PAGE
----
A sensible review, but not a bid defence
UK companies are feeling the heat from private equity like never before. Now National Grid appears to be mounting a defence against a private equity bid even before an offer has emerged.
The power utility on Thursday unveiled a strategic review comprising the demerger of its mobile masts business – news of which pushed the shares up 7 per cent – and the sale of a non-core Australian business. For good measure, it pledged to return $1.9bn (£1bn) to shareholders over the next five years.
For the record, National Grid said the moves had nothing to do with shoring up defences ahead of any bid. And these are indeed sensible measures in their own right. The businesses to be jettisoned are almost certainly worth more to someone else.
All the same, the review comes amid speculation that National Grid is a prime target for a break-up or private equity approach.
If this really is a defensive move, it probably does not go far enough. Steve Holliday, chief executive designate, could have put more of its assets on the block to sharpen National Grid’s focus on the UK and US power transmission markets. The capital return is also modest. A securitisation of the cash flows that will fund it could have instead generated a big lump sum.
Meanwhile, some analysts say National Grid could gear up more than is currently envisaged.
The irony is that this slightly slimmer National Grid could now be a more attractive target for private equity or foreign bidders, assuming UK regulators would clear such a sensitive deal.
This would be a huge buy-out, but size is no obstacle to private equity now that firms hunt in packs. And management’s choice of a share buy-back as the method to return cash has only underscored its confidence in the attractive valuation of the shares.
So two cheers to National Grid for taking some initiative. Conservatively- managed UK companies should follow its lead. But if Mr Holliday finds himself on the receiving end of the long-mooted bid, he will need a stronger defence than this.
The Reit idea
Slough Estates is among the few traditional UK property companies to have overseas assets, which presents it with a dilemma as it prepares to become a real estate investment trust (Reit) in January.
UK Reits escape corporation tax on domestic rental income but not on overseas income. It is tempting to link this to the company’s decision yesterday to put its glamorous US business up for sale. The unit, with assets in San Diego and San Francisco, could fetch up to £1bn.
Slough could have put the assets into a Reit – but only by going through the rigmarole of an initial public offering in the US.
The withdrawal from the US has been on the cards for some time, says Slough. Nevertheless the move underscores the challenge facing chief executive Ian Coull. Should he focus on Slough’s domestic market, with its associated tax breaks but where asset prices look inflated, or should he continue expanding overseas where yields are high but tax can be a drag?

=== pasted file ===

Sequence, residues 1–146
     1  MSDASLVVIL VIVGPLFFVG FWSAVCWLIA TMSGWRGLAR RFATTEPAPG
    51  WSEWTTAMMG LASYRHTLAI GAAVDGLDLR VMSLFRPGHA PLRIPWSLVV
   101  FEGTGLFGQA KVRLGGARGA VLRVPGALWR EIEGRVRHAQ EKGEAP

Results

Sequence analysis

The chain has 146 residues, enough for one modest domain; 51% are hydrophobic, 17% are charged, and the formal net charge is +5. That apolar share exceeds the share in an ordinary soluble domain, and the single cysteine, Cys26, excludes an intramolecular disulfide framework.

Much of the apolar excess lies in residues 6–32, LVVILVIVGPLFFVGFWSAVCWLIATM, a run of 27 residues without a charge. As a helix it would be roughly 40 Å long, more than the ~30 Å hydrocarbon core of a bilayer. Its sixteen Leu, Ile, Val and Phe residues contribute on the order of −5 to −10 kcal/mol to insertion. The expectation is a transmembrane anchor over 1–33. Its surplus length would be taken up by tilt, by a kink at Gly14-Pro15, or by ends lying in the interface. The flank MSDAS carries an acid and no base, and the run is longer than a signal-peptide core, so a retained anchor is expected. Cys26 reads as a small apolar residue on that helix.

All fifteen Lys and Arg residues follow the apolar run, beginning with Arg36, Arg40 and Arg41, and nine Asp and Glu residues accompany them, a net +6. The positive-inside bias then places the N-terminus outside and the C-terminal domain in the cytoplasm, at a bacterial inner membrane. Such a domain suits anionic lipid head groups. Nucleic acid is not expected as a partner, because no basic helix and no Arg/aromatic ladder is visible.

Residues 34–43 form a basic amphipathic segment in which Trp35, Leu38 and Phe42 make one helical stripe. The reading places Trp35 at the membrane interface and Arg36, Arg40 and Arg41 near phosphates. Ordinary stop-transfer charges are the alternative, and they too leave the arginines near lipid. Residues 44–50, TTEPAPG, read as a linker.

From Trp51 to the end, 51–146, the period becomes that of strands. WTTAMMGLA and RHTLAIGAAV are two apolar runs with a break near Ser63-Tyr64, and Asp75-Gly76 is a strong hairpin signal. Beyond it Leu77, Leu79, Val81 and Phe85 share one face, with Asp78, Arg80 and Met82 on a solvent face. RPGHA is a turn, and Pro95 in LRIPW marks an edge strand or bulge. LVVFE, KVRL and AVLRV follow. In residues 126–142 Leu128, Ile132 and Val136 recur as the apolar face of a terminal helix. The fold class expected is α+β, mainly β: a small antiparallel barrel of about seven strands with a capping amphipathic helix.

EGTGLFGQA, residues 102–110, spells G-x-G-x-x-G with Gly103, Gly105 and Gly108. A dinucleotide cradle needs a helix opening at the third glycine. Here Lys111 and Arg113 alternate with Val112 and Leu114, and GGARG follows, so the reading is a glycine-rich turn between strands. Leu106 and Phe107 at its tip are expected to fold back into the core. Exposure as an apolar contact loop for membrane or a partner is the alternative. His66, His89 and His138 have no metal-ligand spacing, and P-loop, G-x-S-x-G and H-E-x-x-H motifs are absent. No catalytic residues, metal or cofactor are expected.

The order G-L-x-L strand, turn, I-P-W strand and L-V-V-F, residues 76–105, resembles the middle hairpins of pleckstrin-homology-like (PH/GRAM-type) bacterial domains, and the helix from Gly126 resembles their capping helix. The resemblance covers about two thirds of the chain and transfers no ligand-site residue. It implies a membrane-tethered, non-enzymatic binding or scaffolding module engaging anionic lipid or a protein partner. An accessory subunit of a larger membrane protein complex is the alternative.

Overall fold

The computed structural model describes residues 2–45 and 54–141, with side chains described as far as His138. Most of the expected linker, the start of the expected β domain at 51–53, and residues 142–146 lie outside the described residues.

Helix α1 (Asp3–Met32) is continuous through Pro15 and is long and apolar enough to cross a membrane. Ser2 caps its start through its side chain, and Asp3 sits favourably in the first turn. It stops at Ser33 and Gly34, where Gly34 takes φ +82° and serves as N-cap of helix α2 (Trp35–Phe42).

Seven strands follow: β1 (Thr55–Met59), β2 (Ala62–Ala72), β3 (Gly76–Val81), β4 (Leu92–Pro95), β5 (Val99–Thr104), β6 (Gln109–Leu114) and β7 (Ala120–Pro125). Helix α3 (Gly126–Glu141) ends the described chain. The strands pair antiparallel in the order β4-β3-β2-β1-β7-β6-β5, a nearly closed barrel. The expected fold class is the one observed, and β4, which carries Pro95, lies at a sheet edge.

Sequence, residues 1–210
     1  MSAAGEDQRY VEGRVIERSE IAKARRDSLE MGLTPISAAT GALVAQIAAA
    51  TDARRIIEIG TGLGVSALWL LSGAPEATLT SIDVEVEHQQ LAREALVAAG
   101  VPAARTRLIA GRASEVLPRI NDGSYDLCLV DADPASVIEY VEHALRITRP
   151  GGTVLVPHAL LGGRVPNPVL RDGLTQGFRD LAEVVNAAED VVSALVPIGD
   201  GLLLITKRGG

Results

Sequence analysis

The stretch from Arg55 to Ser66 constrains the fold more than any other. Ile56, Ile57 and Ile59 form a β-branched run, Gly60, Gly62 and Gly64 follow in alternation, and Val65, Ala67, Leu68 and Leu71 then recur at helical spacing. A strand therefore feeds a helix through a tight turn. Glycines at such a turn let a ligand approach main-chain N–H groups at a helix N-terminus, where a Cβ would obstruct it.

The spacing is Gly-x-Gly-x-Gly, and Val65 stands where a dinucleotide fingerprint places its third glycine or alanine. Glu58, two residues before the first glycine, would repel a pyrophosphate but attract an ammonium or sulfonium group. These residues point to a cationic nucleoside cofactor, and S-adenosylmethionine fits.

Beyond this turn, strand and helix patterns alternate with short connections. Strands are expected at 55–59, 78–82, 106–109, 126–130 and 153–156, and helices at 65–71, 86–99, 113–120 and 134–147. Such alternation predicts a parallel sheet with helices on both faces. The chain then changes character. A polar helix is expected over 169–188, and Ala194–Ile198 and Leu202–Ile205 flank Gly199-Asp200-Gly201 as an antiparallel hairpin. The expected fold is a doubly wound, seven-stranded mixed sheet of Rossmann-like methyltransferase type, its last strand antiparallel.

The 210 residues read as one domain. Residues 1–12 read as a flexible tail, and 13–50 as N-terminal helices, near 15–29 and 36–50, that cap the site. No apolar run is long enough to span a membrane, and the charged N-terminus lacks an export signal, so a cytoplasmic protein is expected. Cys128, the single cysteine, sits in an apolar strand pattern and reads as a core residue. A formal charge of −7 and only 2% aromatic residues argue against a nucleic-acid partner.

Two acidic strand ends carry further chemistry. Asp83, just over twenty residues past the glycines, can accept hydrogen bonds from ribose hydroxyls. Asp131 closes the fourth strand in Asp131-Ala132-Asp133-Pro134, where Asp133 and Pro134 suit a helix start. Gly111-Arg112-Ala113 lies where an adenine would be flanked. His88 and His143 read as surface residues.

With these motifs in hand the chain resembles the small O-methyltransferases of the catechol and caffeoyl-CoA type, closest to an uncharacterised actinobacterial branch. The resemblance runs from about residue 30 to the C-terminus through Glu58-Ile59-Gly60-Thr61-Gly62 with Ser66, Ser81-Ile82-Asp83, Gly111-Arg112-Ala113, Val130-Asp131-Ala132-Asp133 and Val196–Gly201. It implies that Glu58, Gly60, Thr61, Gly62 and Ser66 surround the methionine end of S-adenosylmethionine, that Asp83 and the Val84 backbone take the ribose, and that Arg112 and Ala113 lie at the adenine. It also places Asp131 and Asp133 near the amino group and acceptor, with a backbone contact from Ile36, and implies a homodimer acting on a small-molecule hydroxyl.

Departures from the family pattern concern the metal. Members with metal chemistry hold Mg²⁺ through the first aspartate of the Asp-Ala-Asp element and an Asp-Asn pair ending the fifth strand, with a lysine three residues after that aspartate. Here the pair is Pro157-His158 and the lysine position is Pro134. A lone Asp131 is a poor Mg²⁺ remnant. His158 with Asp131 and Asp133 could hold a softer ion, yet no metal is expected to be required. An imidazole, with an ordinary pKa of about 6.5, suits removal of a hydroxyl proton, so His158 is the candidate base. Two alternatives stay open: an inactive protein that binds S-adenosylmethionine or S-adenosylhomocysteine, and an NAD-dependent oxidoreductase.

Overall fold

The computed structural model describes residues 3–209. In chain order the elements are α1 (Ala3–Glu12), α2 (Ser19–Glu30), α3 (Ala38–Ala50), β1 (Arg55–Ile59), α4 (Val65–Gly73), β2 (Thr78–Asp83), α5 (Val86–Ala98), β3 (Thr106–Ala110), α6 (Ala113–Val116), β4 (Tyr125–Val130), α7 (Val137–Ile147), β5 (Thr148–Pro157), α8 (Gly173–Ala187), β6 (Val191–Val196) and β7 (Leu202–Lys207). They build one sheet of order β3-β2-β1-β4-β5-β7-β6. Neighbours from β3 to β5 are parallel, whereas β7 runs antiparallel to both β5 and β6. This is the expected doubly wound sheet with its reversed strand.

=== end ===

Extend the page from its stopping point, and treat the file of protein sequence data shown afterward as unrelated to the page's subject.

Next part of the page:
Some overseas markets offer both decent yields and tax advantages. Slough’s French assets, for example, will be shielded in a French Siic, the equivalent of a Reit. But the other 60 per cent of its mainland European properties do not immediately enjoy similar benefits.
The withdrawal from the US might have investors thinking Slough is planning to retreat to its home turf, depriving the UK property sector of one of its international standard bearers. But Reits or no Reits, there are still decent returns to be found overseas, not least given that interest remains tax deductible.
So there is no reason why the great name of Slough will not command respect in the European property industry for some time to come.
Shareholder activism at underperforming companies is to be encouraged, but not if investors’ demands are plain silly.
Sherborne Investors is demanding four board seats at Spirent, the telecommunications equipment maker – including company chairman and the chairs of the audit and remuneration committees. A shareholder with 15 per cent clearly deserves to have its views heard – Spirent is offering two board seats – but to meet these demands would be to cede effective control of the company to one shareholder without securing a premium for the others.
Meanwhile, Sherborne is generously proposing that fellow shareholder Lexa, with 14 per cent, retains its one existing seat.
Spirent certainly needs to buck up its performance, responsibility for which lies with the board. But Sherborne might have more success in shaking things up if its proposals showed more respect to its fellow suffering shareholders.